The New Education: A Review of Progressive Educational Movements of the Day

Front Cover
Row, Peterson, 1915 - Education - 264 pages
 

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Contents

Education in the Early Home
27
City Life and the New Basis for Education
28
Teaching Boys and Girls
32
Rousseau Versus a Class of Forty
33
The Fallacious Average
34
The Five Ages of Childhood
35
Age Distribution in One Grade
36
Shall Child or Subject Matter Come First?
39
The Vicious Practices of One Good School
40
Boys and GirlsThe One Object of Educational Activity
42
Fitting Schools to Children
44
Children Need Health First
45
Play as a Means to Growth
46
Some Things Which a Child Must Learn
48
What Schools Must Provide to Meet Child Needs
51
The Educational Work of the Small Town
52
The Educational Problems of an Industrial Com munity
55
Beginning With Child Needs
56
Progressive Notes in Elementary Education
58
Translating the Three Rs
59
Playing at Mathematics
60
A Model English Lesson
61
An Original Fairy Story
65
The Crow and the Scarecrow
67
School and Home
68
Breaking New Ground
71
The School and the Community
72
New Keys for Old Locks
74
School and Shop
76
Half a Chance to Study
79
Thwarting Satan in the Summer Time
80
Sending the Whole Child to School
81
Smashing the School Machine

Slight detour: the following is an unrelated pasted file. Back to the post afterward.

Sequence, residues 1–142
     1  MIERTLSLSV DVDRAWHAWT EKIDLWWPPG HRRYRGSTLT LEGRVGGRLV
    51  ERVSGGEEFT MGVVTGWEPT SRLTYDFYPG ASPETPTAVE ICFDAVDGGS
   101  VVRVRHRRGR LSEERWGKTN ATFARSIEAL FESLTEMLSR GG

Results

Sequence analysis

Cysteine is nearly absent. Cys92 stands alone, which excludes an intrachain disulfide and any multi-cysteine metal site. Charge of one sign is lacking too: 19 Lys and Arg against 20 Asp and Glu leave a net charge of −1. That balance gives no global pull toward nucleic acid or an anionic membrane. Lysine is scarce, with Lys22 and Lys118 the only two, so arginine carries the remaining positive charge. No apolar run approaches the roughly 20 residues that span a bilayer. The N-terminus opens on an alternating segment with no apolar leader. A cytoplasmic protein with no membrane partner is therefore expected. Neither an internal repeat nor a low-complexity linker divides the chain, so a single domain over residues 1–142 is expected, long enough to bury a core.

84
All Hands Around for an Elementary School
86
From a Blazed Trail to a Paved Highway
90
Keeping the High School in Step With Life
92
The Success Habit
95
The Helpout Spirit
97
Joining Hands With the Elementary Schools
98
The Abolition of Mass Play
101
Experimental Democracy
103
Breaching Chinese Wall of High School Classicism
105
An UptoDate High School
107
From School to Shop and Back Again
109
Fitting the High School Graduate Into Life
110
The High School as a Public Servant
114
Higher Education at Lowville
116
Lowville Academy
117
The Schools Opportunity
119
Field Work as Education
120
Real Domestic Science
122
Special Schools for Special Children
144
Playground and Summer Schools
145
Mr Dyer and the Men Who Stood With Him
147
The Oyler School of Cincinnati
153
An Appeal for Applied Education
156
Solving a Local Problem
157
Domestic Science Which Domesticates
159
Making Commercial Products in the Grades
161
A Real Interest in School
162
The Mothers Club
163
The Disappearance of Discipline
165
The Spirit of Oyler
167
Vitalizing Rural Education
170
Making Bricks With Straw
171
Making the OneBoom Country School Worth While
182
Repainting the Little Red Schoolhouse
187
A Fairyland of Rural Education
188
PAGE
189
The Task of the Country School
193
Out of the Mouths of Babes and Sucklings
195
Going to Work Through the Children
196
Beginning on Muffins
197
Taking the Boys in Hand
200
Busy Work as an Asset
201
Marguerite
203
Winning Over the Families
204
WideAwake Sleepy Eye
207
Getting the Janitor in Line
208
The Department of Agriculture
209
A Short Course for Busy People
212
Letting the Boys Do It
214
How It Works Out
216
Theoretical and Practical
217
The South for the New Education
220
Finding the Way
222
Jems Father
224
Club Life Militant
228
Canning Clubs
234
Recognition Day for Boys and Girls
235
Teaching GrownUps to Read
236
George Washington Junior
237
A Step Toward Good Health
239
Theory and Practice
242
A People Coming to Its Own
249
The Spirit of the New Education